GlobeAware in Cuernava

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It' s Wednesday so we' re updating our voluntourism archives. In the aftermath of Hurricane Sandy, we will be keeping you up to date on the latest ways you can volunteer. Right now, the first way you can help is by donating to the Red Cross (text REDCROSS to 90999 for a $10 donation).

In terms of travel, this week' s Voluntourism Spotlight introduces the Mexico Rediscovered program with Globe Aware. Check back every Wednesday for more voluntourism opportunities and tune into Peter Greenberg Worldwide Radio on Saturday for more information.

Volunteers involved in the Mexico Rediscovered program work with staff at a center in Cuernavaca (about 2 hours outside Mexico City) dedicated to providing shelter, food, life-skills, and job training to people with intellectual disabilities. The center' s focus is self- advocacy and providing its residents with the proper support and means to reintegrate into the larger community in a positive, life-affirming way.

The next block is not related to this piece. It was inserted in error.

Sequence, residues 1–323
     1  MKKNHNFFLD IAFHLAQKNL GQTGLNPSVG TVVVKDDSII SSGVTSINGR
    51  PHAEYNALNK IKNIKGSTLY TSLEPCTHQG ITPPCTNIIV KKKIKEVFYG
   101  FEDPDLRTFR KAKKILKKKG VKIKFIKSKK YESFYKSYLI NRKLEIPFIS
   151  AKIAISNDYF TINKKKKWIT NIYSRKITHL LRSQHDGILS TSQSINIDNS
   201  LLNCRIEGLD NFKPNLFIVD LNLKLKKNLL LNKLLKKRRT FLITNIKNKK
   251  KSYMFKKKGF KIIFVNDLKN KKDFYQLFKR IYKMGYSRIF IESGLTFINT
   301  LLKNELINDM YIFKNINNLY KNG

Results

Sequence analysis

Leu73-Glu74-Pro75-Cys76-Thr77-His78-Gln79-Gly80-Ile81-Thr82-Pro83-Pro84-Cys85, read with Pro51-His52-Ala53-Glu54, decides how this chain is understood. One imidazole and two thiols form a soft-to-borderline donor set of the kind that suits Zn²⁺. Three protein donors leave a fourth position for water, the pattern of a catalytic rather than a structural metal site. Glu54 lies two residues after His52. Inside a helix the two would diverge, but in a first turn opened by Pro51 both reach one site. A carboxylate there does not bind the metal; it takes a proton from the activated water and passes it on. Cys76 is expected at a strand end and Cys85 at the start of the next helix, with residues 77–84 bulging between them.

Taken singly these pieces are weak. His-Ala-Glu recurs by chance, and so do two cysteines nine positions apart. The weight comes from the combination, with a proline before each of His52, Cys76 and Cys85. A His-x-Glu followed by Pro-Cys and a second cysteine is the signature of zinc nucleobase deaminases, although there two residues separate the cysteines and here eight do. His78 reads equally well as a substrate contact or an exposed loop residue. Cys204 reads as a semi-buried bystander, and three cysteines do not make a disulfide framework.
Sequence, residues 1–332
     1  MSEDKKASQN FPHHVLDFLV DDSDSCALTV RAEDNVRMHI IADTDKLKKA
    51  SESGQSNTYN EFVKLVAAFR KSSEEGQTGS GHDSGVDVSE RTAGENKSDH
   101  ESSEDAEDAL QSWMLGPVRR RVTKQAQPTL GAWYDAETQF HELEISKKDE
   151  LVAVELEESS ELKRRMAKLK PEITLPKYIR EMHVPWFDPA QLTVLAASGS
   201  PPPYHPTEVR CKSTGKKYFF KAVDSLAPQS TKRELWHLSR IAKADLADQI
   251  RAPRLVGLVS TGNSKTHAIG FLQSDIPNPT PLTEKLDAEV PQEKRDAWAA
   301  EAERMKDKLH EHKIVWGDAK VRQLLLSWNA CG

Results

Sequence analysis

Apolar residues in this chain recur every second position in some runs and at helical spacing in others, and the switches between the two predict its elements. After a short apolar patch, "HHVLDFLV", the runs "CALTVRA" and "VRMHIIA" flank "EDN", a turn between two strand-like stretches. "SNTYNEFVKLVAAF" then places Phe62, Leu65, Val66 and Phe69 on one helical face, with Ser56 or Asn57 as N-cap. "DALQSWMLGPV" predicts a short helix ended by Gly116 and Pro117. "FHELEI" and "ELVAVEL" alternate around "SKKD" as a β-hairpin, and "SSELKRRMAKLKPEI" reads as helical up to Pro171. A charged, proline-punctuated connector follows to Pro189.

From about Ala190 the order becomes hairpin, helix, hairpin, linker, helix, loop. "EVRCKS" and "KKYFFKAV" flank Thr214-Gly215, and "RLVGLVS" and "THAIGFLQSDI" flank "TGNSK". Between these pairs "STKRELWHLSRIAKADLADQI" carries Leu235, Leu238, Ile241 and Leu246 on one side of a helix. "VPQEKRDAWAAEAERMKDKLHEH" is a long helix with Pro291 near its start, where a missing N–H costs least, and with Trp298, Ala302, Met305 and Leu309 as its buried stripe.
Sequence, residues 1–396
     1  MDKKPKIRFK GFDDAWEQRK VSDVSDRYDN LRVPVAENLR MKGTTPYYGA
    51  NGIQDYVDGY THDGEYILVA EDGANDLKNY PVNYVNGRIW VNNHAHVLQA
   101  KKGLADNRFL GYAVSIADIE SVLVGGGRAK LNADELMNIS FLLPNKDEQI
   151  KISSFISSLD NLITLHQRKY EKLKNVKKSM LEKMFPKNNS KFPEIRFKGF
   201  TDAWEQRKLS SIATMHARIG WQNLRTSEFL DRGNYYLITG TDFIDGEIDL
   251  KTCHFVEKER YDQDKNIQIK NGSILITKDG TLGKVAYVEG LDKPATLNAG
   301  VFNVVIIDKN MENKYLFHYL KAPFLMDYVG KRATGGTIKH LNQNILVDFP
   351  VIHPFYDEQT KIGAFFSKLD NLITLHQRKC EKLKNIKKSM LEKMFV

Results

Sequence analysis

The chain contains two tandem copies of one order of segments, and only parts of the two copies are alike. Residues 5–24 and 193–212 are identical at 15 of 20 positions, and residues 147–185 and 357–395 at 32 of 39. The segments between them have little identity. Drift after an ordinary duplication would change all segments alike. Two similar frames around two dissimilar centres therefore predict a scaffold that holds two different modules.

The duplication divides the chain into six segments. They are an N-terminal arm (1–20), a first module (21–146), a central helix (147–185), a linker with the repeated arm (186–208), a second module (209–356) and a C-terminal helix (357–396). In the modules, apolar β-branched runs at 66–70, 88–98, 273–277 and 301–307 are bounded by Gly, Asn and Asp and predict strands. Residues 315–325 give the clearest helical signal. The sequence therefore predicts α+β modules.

Volunteers are involved in any number of projects including helping at the job training center, doing workshops on solid waste recycling, tamale making, organic egg production and engaging in repairs and maintenance of the center such as painting, improvements to the court yards and common areas, and sprucing up the activity center.

GlobeAware develops short-term volunteer programs in international environments that encourage people to immerse themselves in a unique way of giving back. The organization works to promote cultural awareness and sustainability. For Globe Aware the concept of cultural awareness means to recognize and appreciate the beauties and challenges of a culture, but not to change it.

Mexico Rediscovered volunteer opportunities are offered year-round for one week intervals at a cost of $1180 per person, but there is also the option of becoming an "Extended Volunteer" please click here for more details.